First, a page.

Leo Connellan

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For the Australian politician, see Leo Connellan (politician).

Leo Connellan (November 30, 1928 – February 22, 2001) was an American poet born in Portland, Maine. He grew up in Rockland, Maine,[1] spent much of his life in the environs of New York,[2] and lived at the time of his death in Sprague, Connecticut.[3] He spent considerable time traveling in the United States between the ages of 19 and 36, taking work as a salesman after his daughter was born.[4]

Connellan's rough, "everyman" lyricism won him the admiration of such poet-critics as Karl Shapiro,[5] Robert Penn Warren,[citation needed] Richard Eberhart,[6] Richard Wilbur,[7] David B. Axelrod[8] and other major voices of the twentieth century.[citation needed] Connellan won the Shelley Memorial Award from the Poetry Society of America[9] and served as Connecticut's second Poet Laureate from 1996 until his death.[1] His duties in this post were little defined, but Connellan said he saw promoting poetry in schools and supporting new writers as among his responsibilities.[10] From 1987 until the time of his death, he was poet-in-residence for the Connecticut State University System.[11] Connellan had himself attended the University of Maine.[12] He was designated one of Maine's most prominent poets in the Maine Literary Hall of Fame.[13]

Connellan took among his themes the fishing and lobstering industries in Maine, and the lives of New York commuters.[1] His work featured in anthologies, including Wesley McNair's The Maine Poets: An Anthology of Verse,[14] and the Curbstone Press's Poetry like bread anthology of "poets of the political imagination."[15]

List of Publications[edit]

  • The Maine Poems (1999)
  • Short Poems, City Poems, 1944--1998 (1998)
  • Provincetown and Other Poems (1995)
  • New and Collected Poems (1989)
  • The Clear Blue Lobster-Water Country: A Trilogy (1985)[16]
  • Shatterhouse (1983)
  • Massachusetts Poems (1981)
  • The Gunman and Other poems (1979)
  • Death in Lobster Land: New Poems (1978)
  • First Selected Poems (1976)[17]
  • Crossing America (1976) - Considered by many to be Connellan at his best.
  • Another Poet in New York (1975)
  • Penobscot Poems (1974)

References[edit]

  1. ^ a b c Ryan, Bill (23 June 1996). "A poet laureate's voice for the working class". New York Times. Retrieved 29 March 2010.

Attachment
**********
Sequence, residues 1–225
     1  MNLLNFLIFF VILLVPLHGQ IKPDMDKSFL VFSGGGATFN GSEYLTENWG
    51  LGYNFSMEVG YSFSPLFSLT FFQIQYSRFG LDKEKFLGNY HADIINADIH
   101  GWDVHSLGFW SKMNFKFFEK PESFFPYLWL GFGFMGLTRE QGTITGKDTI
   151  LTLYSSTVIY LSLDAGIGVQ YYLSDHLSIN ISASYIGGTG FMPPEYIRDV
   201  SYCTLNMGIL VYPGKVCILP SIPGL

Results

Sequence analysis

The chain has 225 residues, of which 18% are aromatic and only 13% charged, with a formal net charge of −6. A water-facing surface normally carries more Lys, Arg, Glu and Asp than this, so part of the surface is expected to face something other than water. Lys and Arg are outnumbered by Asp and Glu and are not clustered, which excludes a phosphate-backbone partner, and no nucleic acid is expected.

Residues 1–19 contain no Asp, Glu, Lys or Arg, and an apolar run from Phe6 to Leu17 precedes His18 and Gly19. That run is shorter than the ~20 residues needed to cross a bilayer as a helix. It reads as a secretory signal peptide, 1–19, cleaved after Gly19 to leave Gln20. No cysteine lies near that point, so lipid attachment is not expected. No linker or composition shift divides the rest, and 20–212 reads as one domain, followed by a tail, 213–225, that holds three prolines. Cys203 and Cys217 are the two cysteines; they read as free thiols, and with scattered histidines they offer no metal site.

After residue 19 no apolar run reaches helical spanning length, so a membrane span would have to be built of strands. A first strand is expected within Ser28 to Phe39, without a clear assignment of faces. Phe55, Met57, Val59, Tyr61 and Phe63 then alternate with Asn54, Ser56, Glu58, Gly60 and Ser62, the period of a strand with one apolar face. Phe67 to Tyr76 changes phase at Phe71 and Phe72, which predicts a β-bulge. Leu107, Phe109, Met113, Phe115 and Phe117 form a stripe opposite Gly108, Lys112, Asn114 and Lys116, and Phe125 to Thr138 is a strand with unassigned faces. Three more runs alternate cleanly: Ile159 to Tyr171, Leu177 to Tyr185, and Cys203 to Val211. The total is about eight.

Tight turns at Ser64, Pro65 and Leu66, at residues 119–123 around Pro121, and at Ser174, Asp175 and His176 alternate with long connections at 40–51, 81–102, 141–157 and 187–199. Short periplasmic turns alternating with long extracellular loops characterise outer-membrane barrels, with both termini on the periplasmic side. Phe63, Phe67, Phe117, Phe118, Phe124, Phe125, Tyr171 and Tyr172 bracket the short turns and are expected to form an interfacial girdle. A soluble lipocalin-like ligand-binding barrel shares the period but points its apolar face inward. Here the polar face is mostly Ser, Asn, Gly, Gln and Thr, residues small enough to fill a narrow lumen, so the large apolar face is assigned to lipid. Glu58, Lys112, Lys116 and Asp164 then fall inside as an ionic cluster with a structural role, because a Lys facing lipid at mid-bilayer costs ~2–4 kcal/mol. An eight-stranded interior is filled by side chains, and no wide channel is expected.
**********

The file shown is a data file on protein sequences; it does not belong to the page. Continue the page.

2. ^ Wolf, Stephen (2007). I Speak of the City. Connecticut University Press. p. 184. 
  3. ^ Weiss, Tara (24 February 2001). "A working man who wrote poetry: Connecticut's poet laureate dies after suffering massive stroke a week ago". Hartford Courant. 
  4. ^ Bernstein, Hattie (10 December 1989). "Poet teaches by example". Sunday Telegraph (Massachusetts). 
  5. ^ "Leo Connellan". Great American Publishing Society. 
  6. ^ Battista, Carolyn (2 January 1994). "A down-to-earth poet is an inspiration to students". New York Times. Retrieved 29 March 2010. 
  7. ^ Dufresne, Bethe (18 April 1996). "Connellan is named state poet laureate". The Day. 
  8. ^ Axelrod, David B (Spring 2001). "IN MEMORIUM, LEO CONNELLAN". Poetry Bay. Retrieved 29 March 2010. 
  9. ^ "Leo Connellan, state poet laureate, 72". Associated Press. 24 February 2001. Retrieved 29 March 2010. 
  10. ^ Stowe, Stacey (19 March 2000). "It's official: fossil, bug, and bird, but dirt gets a veto". New York Times. 
  11. ^ Smith, Martha (5 February 1995). "Leo Connellan: I write about people who struggle just to stay alive". The Providence Journal. 
  12. ^ "Leo Connellan, Connecticut's poet laureate, 72". New York Times. 24 February 2001. Retrieved 29 March 2010. 
  13. ^ "Maine Literary Hall of Fame". Maine Literature. Retrieved 29 March 2010. 
  14. ^ Wesley McNair, ed. (2006). The Maine Poets: An Anthology of Verse. Down East. ISBN 0-89272-708-X. 
  15. ^ Zapata, Martin (1994). Poetry like bread. Curbstone Press. ISBN 1-880684-15-2. 
  16. ^ Flint, RW (14 July 1985). "Sad and shaggy down east". New York Times. 
  17. ^ Carruth, Hayden (23 May 1976). "First selected poems". New York Times. 

External links[edit]